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How to test Artificial Intelligence models: an introduction guide for QA

The latest trends show that Machine Learning is one of the most rapidly developing fields in computer science. Unfortunately, it's still unclear to some customers who are neither data scientists nor ML developers how to handle it, but they need to incorporate hot and trendy AI in their products.
March 14, 2018
Here are the most frequently asked questions we get from the customers regarding quality assurance within ML:

1. I wanna run UAT, could you please provide your full regression test cases for AI?

2. Ok, I have the model running in production, how can we assure it doesn't break when we update it?

3. How can I make sure it produces the right values I need?

What are some simple answers here?

A brief introduction to Machine Learning

In order to get how ML works, let's take a closer look into ML model essence.

What is the difference between classical algorithms / hardcoded functions and ML-based models?

From the black-box perspective, it's the same box with input and output. Fill the inputs in, get the outputs – what a beautiful thing!

From the white-box perspective, and specifically from HOW the system is built, it's a bit different. The core difference here is:

1. You write the function

or

2. The function is fitted by a specific algorithm based on your data.

You can verify the ETL part model coefficients, but you can not verify model quality just as easily as other parameters.

So what about QA?

Model Review procedure is similar to Code Review, but tailored for Data Science team. I haven't seen a lot of QA engineers participating in this particular procedure, but here comes the kitchen of the model quality assessment, improvement, etc. The assessment itself is usually happening inside the Data Science team.

Traditional QA happens for integration cases. Here are 5 points indicating you have reasonable Quality Assurance dealing with Machine Learning models in production:

1. You have a service based on ML function and deployed in production. It's up and running, and you want to control it's not broken by automatically deployed new version of the model. In this case – pure black-box scenario: load Test data set and verify it has the acceptable output (for example, compare it to the pre-deployment stage results). Keep in mind: it's not about exact matching, it's about the best suggested value. So you need to be aware of acceptable dispersion rate.

2. You want to verify that deployed ML function processes the data correctly (like +/- inversion, etc.). That's where white-box approach works best: use unit and integration tests for correct input data loading in the model, check for right (+\-), check for the features output. Wherever you use ETL, it's good to have white-box checks.

3. Production data can mutate: same input produces new expected output with time. F.e., something changes user behavior and the quality of model falls. The other case is dynamically changing data. If that risk is high, here are 2 approaches:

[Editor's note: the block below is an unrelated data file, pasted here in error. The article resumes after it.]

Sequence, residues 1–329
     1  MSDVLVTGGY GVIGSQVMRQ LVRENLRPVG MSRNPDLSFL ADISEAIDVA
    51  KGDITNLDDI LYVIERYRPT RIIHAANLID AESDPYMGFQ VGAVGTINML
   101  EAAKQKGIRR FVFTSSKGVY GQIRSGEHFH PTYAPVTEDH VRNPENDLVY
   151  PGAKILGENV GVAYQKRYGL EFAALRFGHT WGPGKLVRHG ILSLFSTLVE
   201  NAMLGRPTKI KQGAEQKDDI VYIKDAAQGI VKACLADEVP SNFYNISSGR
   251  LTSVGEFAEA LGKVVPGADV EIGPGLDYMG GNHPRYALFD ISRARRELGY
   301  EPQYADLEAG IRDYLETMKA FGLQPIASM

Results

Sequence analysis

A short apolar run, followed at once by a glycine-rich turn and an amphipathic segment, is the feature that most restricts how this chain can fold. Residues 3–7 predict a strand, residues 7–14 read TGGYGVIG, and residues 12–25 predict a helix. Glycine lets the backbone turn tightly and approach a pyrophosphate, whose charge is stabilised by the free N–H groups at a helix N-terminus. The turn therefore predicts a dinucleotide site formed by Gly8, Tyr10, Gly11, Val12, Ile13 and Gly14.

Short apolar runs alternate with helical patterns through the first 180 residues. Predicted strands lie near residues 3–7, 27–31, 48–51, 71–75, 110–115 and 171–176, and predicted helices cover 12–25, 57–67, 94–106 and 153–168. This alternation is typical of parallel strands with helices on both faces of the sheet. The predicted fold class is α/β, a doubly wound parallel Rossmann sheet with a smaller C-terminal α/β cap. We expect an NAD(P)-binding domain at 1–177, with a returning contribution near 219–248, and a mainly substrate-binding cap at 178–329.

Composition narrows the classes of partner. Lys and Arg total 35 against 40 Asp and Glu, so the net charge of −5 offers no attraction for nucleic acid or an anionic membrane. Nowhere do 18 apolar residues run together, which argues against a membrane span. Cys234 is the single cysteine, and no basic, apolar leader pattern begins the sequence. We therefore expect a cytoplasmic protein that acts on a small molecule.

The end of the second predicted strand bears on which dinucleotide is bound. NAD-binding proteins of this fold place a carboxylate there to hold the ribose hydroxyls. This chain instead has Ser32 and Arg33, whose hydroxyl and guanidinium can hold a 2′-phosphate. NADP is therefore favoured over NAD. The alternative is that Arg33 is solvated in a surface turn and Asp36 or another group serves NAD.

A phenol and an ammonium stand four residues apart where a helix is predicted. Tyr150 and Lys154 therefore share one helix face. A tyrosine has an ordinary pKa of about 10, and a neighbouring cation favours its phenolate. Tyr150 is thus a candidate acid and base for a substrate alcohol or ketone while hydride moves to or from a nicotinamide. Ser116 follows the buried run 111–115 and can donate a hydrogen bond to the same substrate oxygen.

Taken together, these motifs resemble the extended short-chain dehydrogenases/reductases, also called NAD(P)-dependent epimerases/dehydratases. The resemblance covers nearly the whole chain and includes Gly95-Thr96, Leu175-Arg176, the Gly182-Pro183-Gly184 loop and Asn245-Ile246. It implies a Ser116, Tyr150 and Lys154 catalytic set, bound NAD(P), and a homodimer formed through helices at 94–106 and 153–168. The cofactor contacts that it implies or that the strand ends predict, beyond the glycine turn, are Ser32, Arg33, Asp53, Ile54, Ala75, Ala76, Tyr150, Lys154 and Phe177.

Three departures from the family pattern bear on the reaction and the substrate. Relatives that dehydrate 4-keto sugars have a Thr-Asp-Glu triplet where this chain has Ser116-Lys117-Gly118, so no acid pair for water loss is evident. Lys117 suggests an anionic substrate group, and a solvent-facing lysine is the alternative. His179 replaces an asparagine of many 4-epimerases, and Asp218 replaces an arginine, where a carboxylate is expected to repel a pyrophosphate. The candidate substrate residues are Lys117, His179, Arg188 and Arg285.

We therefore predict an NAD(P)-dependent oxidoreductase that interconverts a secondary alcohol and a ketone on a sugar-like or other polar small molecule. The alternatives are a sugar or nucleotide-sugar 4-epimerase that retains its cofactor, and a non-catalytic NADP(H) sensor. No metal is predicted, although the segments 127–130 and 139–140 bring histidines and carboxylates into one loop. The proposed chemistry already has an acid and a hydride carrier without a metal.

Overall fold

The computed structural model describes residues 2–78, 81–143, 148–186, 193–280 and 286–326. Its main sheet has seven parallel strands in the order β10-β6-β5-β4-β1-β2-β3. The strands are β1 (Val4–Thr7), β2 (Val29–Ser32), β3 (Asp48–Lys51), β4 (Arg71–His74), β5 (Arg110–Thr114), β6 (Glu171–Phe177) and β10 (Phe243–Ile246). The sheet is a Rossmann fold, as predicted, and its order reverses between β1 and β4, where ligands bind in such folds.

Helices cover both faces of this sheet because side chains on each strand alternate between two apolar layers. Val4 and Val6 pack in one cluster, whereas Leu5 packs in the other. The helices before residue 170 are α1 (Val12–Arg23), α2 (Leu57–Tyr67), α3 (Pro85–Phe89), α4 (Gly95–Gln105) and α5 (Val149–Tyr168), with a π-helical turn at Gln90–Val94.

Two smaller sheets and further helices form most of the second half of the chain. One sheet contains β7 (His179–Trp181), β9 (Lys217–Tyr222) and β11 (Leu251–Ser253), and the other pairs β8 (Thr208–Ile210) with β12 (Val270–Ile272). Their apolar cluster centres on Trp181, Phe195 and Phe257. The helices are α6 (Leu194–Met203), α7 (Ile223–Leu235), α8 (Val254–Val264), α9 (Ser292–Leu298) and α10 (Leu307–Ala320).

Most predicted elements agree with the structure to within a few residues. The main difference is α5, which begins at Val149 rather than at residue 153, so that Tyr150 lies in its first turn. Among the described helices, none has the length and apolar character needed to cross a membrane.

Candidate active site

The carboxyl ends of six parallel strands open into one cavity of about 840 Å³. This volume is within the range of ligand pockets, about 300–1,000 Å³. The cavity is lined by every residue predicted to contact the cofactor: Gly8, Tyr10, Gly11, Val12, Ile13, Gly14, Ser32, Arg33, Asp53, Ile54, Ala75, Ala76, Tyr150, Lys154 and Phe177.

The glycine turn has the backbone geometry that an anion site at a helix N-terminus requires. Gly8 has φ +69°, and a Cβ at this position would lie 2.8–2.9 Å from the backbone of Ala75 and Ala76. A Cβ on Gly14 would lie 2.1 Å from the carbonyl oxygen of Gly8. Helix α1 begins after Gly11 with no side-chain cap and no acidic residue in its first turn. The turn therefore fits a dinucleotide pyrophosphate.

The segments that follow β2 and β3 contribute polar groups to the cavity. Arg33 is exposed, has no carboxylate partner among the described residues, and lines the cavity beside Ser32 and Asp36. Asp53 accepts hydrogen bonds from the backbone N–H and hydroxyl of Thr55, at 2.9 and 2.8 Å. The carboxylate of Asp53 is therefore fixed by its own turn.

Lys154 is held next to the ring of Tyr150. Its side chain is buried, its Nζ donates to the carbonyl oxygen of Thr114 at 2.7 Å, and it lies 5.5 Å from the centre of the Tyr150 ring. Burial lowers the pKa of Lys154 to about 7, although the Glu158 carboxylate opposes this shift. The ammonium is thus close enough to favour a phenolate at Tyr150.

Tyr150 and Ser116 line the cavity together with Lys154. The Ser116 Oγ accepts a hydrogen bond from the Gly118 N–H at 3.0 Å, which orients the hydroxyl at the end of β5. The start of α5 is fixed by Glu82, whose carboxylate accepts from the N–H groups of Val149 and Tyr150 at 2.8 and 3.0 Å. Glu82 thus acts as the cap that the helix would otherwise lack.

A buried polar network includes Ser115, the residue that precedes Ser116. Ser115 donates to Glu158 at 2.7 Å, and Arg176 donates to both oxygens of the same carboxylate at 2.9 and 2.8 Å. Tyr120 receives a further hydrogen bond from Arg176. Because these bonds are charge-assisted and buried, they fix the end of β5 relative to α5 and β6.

• Simple, but expensive approach: re-train daily on the new dataset. In this case you need to find the right balance for your service, since retraining is highly related to your infrastructure cost.

• Complex approach. Depends on how you collect the feedback. For binary classification, for example, you can calculate metrics: precision, recall and f1 score. Write a service with dynamic model scoring based on these parameters. If it falls below 0.6 – it's an alert, if falls below 0.5 – it's a critical incident.

4. Public Beta test works very well for certain cases. You assess your model quality on the data which wasn't used previously. For instance, add 300 more users to generate data and process it. Ideally, the more new data you test on, the better. Original dataset is good, but bigger amount of high quality data is always better.

Note: test data extrapolation is not a good case here, your model should work well with real users, not on the predicted or generated data.

5. (not ML-specific, but you need it) Automatically ping service to make sure it's alive (not really ML testing, but shouldn't be forgotten). Usehttps://www.pingdom.com. Yeah, this simple thing saved our faces a lot of times. There are a lot of more advanced DevOps solutions out there, however, for us everything started from this solution – and we benefited a lot from it.

Answers

This is pretty much everything concerning QA participation. Now, let's answer the customers' questions we set in the beginning of this article.

I wanna run UAT, could you please provide your full regression test cases for AI?

1. Describe the black box to the customer, and provide them with Test Data and the service which can process and visualize the output.

2. Describe all the testing layers, whether you verify data, model features on ETL layers and how.

3. Model Quality report. Provide the customer with model quality metrics versus standard values. Get these from your Data Scientist.

Ok, I have the model running in production, how can we assure it doesn't break when we update it?

You need to have the QA review of any production push as well as for any other software.

1. Perform black-box smoke test. Try various types of inputs based on the function.

2. Verify model metrics on production server with a sample of Test data. If needed, Isolate the part of prod server if needed, so the users aren't affected by the test.

3. Of course, make sure your white-box tests are passing.

How can I make sure it produces the right values I need?

You should always be aware of the acceptable standard deviation for your model and data. Spend some time with your Data Scientist and dig deeper into model type and technical aspects of the algorithms.

Any other questions you have in mind? Let's try to figure them out and get the answers!